We are in the first chapter of John. It is early in Jesus’ ministry; he is still collecting his disciples. In the story prior to our reading, Jesus welcomed Andrew and his brother, Peter. The next day, Jesus invited Philip to be one of the folds. In verse 44 we are told the original three disciples, Andrew, Peter and Philip, were from the town of Bethsaida, a town on the northeast shore of the Sea of Galilee. Philip told Nathanael about Jesus. At first, he is not impressed. As a matter of fact, he was quite cynical. The source of his doubts came from Jesus’ hometown, Nazareth. He assumed Jesus was like everyone else in Nazareth: a second-class citizen. Everyone at that time knew the truth about the citizens of Nazareth; they were a little less intelligent and less attractive than the average person. Rooted in this first-century prejudice, Nathanael says, “Nazareth! What good can come from there?” It wasn’t until he met Jesus that his mind was changed. You know the truth. We have no problem understanding verse 46, because our society is filled with prejudiced behavior. Have you noticed our society is filled with racial tension? That tension is rooted in our prejudices. This is not an isolated case. Our prejudices have been damaging the church for a long time.
In his autobiography, Mahatma Gandhi (1869-148) wrote that during his student days, he read the Gospels seriously and considered converting to Christianity. He believed that in the teachings of Jesus, he could find the solution to the caste system that was dividing the people of India. So, one Sunday he decided to attend services at a nearby church so he could talk to the minister about becoming a Christian. When he entered the sanctuary, however, the usher refused to give him a seat and suggested that he go worship with “his own people”. Gandhi left the church and never returned. “If Christians have caste differences also,” he said, “I might as well remain a Hindu.” That usher’s prejudice not only betrayed Jesus, but also turned a person away from trusting Him as Savior. That is an ugly story, but this is the truth. Every church struggles with their own prejudices. We are no exception.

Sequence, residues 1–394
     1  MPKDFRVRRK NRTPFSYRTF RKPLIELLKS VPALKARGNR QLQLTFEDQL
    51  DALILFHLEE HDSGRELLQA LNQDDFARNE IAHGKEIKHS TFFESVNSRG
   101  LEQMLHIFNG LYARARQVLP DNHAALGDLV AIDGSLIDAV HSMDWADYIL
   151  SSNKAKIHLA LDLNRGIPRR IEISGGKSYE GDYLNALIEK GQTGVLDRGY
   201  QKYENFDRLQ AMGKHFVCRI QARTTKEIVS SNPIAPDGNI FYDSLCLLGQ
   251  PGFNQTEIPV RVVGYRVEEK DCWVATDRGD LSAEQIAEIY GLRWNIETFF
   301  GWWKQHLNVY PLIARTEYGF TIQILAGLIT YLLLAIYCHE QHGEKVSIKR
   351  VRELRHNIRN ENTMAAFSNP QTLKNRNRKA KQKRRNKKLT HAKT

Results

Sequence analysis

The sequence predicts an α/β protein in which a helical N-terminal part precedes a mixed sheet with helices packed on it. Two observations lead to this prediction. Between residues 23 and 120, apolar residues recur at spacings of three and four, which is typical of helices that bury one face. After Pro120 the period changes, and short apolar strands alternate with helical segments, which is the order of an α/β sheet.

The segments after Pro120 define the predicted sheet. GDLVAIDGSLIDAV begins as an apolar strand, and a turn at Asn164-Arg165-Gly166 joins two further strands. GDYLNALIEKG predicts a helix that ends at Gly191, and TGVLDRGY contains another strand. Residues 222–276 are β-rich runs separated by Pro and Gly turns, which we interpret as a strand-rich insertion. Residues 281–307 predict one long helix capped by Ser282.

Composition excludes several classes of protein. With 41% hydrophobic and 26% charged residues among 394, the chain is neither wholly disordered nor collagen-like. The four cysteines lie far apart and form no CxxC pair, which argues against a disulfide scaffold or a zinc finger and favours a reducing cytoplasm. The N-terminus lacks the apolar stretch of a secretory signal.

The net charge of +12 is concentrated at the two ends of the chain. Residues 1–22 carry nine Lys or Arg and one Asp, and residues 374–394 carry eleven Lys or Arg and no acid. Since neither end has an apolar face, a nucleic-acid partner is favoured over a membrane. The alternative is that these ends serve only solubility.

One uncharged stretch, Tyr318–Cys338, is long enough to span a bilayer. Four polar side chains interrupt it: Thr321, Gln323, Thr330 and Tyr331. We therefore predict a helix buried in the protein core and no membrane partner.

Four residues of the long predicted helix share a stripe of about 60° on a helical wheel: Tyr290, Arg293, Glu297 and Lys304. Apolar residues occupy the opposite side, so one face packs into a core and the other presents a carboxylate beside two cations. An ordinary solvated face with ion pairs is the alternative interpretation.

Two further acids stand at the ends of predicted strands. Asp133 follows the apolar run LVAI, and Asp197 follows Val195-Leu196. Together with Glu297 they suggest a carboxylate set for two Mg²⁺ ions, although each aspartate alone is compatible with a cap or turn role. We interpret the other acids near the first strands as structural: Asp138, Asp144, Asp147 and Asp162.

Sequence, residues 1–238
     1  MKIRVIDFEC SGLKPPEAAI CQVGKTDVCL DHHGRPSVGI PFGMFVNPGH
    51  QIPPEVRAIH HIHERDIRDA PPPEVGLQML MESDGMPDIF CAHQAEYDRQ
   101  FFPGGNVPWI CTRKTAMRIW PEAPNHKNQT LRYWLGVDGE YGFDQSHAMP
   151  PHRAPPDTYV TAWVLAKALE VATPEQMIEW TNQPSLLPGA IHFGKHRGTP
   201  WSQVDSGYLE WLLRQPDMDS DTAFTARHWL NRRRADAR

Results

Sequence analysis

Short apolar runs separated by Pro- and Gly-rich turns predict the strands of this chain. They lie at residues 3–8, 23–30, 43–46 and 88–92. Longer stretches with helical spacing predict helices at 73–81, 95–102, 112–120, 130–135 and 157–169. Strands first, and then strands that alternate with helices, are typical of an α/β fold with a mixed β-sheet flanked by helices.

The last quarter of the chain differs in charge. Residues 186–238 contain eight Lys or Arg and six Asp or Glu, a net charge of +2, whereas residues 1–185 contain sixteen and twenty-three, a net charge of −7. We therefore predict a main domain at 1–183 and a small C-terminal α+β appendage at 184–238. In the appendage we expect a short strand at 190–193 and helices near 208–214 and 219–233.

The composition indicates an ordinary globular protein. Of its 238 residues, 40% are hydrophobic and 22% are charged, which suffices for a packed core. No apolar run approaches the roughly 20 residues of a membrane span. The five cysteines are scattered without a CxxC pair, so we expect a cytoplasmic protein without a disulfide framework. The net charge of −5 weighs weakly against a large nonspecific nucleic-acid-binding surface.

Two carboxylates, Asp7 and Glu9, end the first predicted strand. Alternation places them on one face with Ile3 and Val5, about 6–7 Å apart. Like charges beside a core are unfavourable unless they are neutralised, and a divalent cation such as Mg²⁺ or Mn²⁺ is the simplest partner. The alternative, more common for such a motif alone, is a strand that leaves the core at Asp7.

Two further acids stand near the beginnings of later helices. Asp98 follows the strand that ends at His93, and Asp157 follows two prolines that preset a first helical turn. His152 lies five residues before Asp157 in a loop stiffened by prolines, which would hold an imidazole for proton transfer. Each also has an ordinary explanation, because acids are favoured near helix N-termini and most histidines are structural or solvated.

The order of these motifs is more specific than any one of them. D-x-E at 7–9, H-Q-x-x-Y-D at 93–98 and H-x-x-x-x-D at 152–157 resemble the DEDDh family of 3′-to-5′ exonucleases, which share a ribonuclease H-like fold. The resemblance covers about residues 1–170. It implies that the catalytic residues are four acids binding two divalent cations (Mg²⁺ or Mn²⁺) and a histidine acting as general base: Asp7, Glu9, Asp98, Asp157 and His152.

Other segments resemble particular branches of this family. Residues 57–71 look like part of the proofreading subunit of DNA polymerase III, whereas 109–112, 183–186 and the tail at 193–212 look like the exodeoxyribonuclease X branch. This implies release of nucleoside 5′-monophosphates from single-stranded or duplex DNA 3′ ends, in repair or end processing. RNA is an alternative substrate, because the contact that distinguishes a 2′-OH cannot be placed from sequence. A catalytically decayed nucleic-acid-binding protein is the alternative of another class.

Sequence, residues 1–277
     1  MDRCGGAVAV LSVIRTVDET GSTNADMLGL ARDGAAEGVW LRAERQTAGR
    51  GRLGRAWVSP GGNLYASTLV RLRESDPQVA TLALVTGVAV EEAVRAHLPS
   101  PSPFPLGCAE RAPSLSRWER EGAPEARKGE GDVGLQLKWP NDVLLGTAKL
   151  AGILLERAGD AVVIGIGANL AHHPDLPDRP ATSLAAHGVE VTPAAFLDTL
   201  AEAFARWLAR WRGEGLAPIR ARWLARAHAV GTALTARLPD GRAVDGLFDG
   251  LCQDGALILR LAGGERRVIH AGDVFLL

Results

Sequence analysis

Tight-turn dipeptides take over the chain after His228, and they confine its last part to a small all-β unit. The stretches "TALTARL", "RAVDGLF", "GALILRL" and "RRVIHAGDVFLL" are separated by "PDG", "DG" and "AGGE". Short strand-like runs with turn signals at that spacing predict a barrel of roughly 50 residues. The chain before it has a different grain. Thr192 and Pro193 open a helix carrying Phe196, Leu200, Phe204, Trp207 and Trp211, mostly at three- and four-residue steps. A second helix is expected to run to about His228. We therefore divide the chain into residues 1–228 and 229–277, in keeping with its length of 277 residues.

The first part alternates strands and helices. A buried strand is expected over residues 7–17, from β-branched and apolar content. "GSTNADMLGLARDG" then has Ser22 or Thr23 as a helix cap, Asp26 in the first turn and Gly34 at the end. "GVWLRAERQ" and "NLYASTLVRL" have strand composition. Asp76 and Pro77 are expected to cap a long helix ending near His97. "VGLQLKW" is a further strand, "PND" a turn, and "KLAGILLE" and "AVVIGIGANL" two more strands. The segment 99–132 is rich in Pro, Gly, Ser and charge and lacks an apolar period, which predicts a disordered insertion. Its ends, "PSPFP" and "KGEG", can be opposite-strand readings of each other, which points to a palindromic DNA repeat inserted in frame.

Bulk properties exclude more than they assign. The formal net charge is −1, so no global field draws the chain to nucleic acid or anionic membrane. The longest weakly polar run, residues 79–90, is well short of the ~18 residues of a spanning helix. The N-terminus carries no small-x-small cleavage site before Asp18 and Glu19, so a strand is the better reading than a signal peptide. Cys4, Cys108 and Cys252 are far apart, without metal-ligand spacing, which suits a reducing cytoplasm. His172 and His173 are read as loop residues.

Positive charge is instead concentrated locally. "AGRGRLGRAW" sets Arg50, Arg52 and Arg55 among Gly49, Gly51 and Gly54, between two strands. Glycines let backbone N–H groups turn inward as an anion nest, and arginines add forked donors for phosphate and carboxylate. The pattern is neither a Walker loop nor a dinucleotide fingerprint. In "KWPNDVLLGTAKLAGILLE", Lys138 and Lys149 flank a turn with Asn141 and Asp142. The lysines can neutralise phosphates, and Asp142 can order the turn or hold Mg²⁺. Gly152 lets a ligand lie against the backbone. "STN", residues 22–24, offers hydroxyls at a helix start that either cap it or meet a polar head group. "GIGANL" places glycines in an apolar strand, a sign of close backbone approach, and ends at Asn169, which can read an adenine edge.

Several weeks ago, our country celebrated Martin Luther King Day; a day to remember the life and spirit of the Civil Rights activist. It is a national holiday, and it has become my custom to give a little history on each one. Several years ago, I asked the congregation, “How long have we been celebrating Martin Luther King Day?” Do you remember what happened? One of the saints here yelled out, “Too long!” Some of our white faces giggled at that comment, and I was uncomfortable. Those two words, and our response to those two words, did more damage than we will ever know. Several days later, I found an opened letter on my desk. It was written by a woman who was visiting us that day. She told me she was relocating from the south and was looking for a church home. She was upset that in church of all places, someone would yell out such a thing. She was shocked that some thought “too long” was funny. She was appalled I didn’t reprimand the congregation. She may be right. It is safe to say, she will not be back. I wonder, how many Christian people she will tell about her time with us? Every church struggles with prejudices.
When I was in college, I took several sociology classes. One of the things we looked at were our prejudices. I remember, clearly, three things about our prejudices. This is what I remember: 1.) Everyone is prejudiced. 2.) Our prejudices are learned. 3.) Our prejudices reveal our fears. I don’t pretend to be an expert on prejudiced behavior. However, I will admit it is one of my great challenges in my discipleship. I live in a white world and have very little interaction with non-white people. Everyone I know is just like me, socially, economically and politically. I struggle relating to how others live and how others think. It would be easy to ignore this topic, but I won’t do it. We are disciples of Jesus Christ and the Master expects more from us. We are supposed to be a little more like Jesus every day. Jesus loved unconditionally. Let’s look at those three statements.
Everyone is Prejudiced
This is sociological fact number one: everyone is prejudiced. There is not a single person in this world that escapes. Sociologists says the reason we are all prejudiced is the numbers. Did you know, the United States Census Bureau estimates the world’s population is more than 7.8 billion? It’s impossible to know everyone. How many people do you know? In 2013, the New York Times reported that the average American knows about 600 people. That figure seems high to me. Do you think you know 600 people? Why are those numbers important? They reveal to us why everyone is prejudiced.
Sociologists tell us everyone is prejudiced because there are so many people we do not know. With so many unknown people, we gather in groups together to gain some sense of control. It is impossible to know every individual; it’s much easier to know the stereotypes of various groups. Look at the text with me. Nathanael did not know Jesus personally, but he did have some preconceived opinions about Nazarenes. The stereotype broke down once he met Jesus. Just admit it, you are prejudiced! You will always hold a certain amount of prejudice, because it’s impossible to know everyone. Our prejudices fool us into believing that we have some control.
Our Prejudices are Learned